We hear from many people who are in abusive relationships, and even those who have left relationships, but say that they love their abusive partner.
Healing the emotional effects of abuse can be challenging. One option for survivors is working with a support or service animal.
Terms like narcissistic, antisocial/sociopath or borderline personality are often used as explanations for abusive behaviors, but this can be problematic for a few reasons.
If you are having trouble finding a safe way to communicate with others for support, we have some options to consider.
When a person depends on their partner for any form of caretaking, there may be additional risk for abuse because of a power imbalance.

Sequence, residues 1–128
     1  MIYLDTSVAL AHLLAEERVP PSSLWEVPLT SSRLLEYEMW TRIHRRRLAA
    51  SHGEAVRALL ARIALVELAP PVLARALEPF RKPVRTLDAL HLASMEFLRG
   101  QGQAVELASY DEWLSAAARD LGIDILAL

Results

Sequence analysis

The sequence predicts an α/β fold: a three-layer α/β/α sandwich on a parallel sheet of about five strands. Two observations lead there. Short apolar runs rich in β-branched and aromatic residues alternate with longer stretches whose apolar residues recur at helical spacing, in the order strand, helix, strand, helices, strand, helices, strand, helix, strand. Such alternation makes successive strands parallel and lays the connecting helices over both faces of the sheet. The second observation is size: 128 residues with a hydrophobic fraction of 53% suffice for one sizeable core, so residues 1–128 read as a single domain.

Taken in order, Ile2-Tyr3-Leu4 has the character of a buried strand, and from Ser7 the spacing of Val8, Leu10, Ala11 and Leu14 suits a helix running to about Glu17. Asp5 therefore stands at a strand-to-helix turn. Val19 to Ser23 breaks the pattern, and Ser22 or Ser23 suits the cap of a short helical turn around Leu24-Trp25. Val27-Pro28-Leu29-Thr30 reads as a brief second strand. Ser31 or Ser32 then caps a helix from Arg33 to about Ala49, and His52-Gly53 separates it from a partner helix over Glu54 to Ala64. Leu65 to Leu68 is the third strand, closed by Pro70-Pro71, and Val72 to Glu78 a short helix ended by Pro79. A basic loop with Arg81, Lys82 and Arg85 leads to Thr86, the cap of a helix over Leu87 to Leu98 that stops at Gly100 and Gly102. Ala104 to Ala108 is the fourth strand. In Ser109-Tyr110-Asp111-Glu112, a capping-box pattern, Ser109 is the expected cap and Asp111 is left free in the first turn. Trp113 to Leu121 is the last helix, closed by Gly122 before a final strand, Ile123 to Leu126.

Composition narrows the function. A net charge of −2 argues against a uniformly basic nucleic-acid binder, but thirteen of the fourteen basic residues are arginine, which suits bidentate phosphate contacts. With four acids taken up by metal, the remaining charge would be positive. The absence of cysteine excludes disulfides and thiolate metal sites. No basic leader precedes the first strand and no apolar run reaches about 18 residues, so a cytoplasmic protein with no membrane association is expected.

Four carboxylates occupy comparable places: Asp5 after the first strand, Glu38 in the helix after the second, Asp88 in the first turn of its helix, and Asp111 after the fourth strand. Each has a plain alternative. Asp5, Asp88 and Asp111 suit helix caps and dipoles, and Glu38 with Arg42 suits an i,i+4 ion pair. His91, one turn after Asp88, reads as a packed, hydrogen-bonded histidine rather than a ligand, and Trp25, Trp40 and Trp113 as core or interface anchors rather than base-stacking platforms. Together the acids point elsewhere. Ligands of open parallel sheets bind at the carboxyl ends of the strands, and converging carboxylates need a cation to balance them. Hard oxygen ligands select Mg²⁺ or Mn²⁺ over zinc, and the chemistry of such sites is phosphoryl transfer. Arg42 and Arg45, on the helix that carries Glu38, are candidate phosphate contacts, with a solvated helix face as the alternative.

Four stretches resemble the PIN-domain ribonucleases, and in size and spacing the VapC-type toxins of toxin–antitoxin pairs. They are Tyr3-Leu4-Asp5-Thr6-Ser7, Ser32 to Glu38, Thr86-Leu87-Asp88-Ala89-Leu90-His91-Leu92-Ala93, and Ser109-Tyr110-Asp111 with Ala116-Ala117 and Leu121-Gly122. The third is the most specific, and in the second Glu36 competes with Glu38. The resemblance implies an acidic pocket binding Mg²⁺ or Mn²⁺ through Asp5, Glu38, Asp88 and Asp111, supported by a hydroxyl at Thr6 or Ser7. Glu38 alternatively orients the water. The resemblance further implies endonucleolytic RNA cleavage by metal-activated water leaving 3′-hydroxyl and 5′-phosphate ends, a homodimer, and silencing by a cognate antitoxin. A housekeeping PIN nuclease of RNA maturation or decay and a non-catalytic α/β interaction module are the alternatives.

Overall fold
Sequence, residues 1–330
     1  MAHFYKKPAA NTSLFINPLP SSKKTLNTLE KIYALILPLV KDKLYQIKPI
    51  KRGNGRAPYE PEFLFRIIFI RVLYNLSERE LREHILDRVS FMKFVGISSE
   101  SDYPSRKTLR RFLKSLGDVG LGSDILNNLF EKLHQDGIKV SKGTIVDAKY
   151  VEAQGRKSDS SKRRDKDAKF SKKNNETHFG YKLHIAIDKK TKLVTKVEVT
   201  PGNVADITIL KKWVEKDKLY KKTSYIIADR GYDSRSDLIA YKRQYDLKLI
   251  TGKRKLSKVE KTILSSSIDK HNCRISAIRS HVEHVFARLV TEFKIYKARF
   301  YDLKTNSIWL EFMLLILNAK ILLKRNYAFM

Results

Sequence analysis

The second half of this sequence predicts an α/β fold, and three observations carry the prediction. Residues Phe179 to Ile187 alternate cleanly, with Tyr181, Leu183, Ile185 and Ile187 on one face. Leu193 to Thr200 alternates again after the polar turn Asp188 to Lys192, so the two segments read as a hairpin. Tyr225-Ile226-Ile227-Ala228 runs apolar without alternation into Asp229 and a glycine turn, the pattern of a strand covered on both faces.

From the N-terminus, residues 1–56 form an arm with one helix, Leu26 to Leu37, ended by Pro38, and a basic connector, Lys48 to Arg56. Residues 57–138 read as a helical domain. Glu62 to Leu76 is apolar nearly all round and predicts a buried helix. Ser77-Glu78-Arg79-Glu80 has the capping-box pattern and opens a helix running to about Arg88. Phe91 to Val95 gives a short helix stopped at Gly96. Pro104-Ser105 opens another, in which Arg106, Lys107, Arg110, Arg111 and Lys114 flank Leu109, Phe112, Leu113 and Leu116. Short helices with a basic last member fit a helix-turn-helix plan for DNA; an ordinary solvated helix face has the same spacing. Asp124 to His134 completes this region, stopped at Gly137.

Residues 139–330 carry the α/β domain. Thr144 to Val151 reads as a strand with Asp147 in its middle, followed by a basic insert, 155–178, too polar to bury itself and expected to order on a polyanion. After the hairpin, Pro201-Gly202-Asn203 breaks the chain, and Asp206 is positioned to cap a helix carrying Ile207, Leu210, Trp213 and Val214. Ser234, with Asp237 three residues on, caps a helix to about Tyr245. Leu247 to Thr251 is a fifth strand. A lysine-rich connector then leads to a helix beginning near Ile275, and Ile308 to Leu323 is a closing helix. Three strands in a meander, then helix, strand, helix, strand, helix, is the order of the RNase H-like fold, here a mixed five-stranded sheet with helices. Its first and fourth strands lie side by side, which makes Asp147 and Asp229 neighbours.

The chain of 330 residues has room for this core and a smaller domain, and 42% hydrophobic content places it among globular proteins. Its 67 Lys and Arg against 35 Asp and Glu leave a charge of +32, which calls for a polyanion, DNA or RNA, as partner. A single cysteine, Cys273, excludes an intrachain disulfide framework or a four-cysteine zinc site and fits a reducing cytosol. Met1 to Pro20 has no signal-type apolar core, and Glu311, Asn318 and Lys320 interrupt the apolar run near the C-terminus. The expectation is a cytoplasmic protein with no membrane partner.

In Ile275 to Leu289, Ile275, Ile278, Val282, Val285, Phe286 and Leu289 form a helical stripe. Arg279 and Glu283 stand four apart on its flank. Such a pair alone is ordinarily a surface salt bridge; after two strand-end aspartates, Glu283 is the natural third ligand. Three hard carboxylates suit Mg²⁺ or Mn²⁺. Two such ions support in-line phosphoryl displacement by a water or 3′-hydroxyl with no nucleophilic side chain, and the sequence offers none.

In June 2016, The Hotline answered its 4 millionth contact.
Senior leaders at The Hotline attended the United State of Women Summit in Washington, DC to promote gender equality.
While it’s normal to want to help someone you love, there is no way to ‘save’ or ‘fix’ another person.
If staying in a domestic violence shelter is part of your safety plan, we have tips for making a safe transition.
It’s important to try and understand what a person who is being abused is going through, why they might stay in an abusive relationship and how you can help by supporting and shifting power back to them.